Men's Basketball

Front Row: Coach Adolph Rupp, Adrian Smith, John Crigler, Ed Beck, Don Mills, Johnny Cox, Vernon Hatton, Assistant Coach Harry Lancaster  Second Row: Student Manager Jay Atkerson, Earl Adkins, Billy Smith, Phil Johnson, Bill Cassady, Lincoln Collinsworth and Harold Ross

Season Recap

After finishing the previous year with a second-round NCAA tournament loss on their home court, the 1957-58 Kentucky Wildcats, behind the starting lineup of Vernon Hatton, Johnny Cox, John Crigler, Adrian Smith and Ed Beck — known affectionately as the Fiddlin’ Five — lost two of their final five games and appeared an unlikely contender for the national championship.

The Cats were led by Hatton’s 17.1 points per game and Cox’s 14.9 points per game. Hatton proved his effectiveness as a clutch player by sinking a 47-foot shot at the end of regulation to send UK into overtime against Temple, a game that the Wildcats would win 85-83 after three extra periods.  Kentucky breezed past the first two rounds of the NCAA Tournament, held in Lexington, with wins over Miami of Ohio and Notre Dame. UK then faced Temple in the next round and again won a close 61-60 decision.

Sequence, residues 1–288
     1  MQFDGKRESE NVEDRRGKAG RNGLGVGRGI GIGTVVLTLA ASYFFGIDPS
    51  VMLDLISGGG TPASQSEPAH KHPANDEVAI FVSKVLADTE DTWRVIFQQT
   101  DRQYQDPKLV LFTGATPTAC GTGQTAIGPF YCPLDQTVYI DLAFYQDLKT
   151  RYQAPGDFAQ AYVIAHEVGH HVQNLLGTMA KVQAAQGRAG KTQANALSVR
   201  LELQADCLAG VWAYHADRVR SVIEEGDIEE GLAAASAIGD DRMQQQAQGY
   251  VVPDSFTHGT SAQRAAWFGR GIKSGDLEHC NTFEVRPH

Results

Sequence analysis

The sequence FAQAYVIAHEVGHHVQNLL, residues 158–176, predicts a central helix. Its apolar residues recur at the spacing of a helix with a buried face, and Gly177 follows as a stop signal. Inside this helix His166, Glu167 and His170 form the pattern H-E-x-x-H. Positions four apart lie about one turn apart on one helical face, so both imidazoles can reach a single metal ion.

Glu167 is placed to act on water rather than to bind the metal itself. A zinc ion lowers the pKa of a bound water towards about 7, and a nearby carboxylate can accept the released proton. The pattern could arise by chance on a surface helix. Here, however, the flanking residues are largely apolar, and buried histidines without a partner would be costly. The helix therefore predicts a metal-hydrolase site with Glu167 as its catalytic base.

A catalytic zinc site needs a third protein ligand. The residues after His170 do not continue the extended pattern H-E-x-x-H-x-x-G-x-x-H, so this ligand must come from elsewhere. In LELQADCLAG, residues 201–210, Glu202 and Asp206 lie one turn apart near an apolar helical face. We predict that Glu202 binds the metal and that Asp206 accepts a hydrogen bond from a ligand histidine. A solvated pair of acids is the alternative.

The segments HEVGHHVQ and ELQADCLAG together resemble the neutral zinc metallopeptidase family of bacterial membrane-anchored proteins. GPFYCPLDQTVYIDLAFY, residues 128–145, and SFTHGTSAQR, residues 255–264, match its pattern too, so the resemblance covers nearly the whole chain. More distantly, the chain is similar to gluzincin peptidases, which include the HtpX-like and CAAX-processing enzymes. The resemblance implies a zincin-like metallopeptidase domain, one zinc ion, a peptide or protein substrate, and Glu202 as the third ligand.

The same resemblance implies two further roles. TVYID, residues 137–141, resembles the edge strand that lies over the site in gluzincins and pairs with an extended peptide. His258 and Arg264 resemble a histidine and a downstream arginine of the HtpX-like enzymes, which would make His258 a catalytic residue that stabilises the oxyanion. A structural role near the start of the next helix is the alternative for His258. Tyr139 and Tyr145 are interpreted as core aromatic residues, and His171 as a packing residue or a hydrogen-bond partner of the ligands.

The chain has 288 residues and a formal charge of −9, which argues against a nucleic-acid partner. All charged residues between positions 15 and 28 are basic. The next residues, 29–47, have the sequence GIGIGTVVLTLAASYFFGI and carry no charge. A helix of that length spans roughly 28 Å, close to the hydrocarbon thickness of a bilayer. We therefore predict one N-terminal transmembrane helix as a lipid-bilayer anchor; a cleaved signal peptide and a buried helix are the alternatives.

The Wildcats defeated Seattle 84-72 in an anti-climactic national title, the fourth and final national championship for Adolph Rupp.

Championship Game

Senior Vernon Hatton scored 30 points and the Wildcats overcame a 25-point, 19-rebound performance by Elgin Baylor to capture their fourth NCAA championship.

Led by Hatton and Johnny Cox, who finished with 24 points, the Wildcats twice battled back from 11-point deficits to gain the victory.

Trailing for much of the game, UK grabbed its first lead with 6:08 left when Don Mills hit a hook shot to give the Wildcats a 61-60 lead. Moments later, Cox hit a jump shot to make it 63-60 and UK never trailed again.

John Crigler added 14 points and 14 rebounds for the victors. Mills and Adrian Smith finished with nine and seven points, respectively.

Aside from Baylor, Seattle received 17 points from Charley Brown and 16 from Jerry Frizzell.


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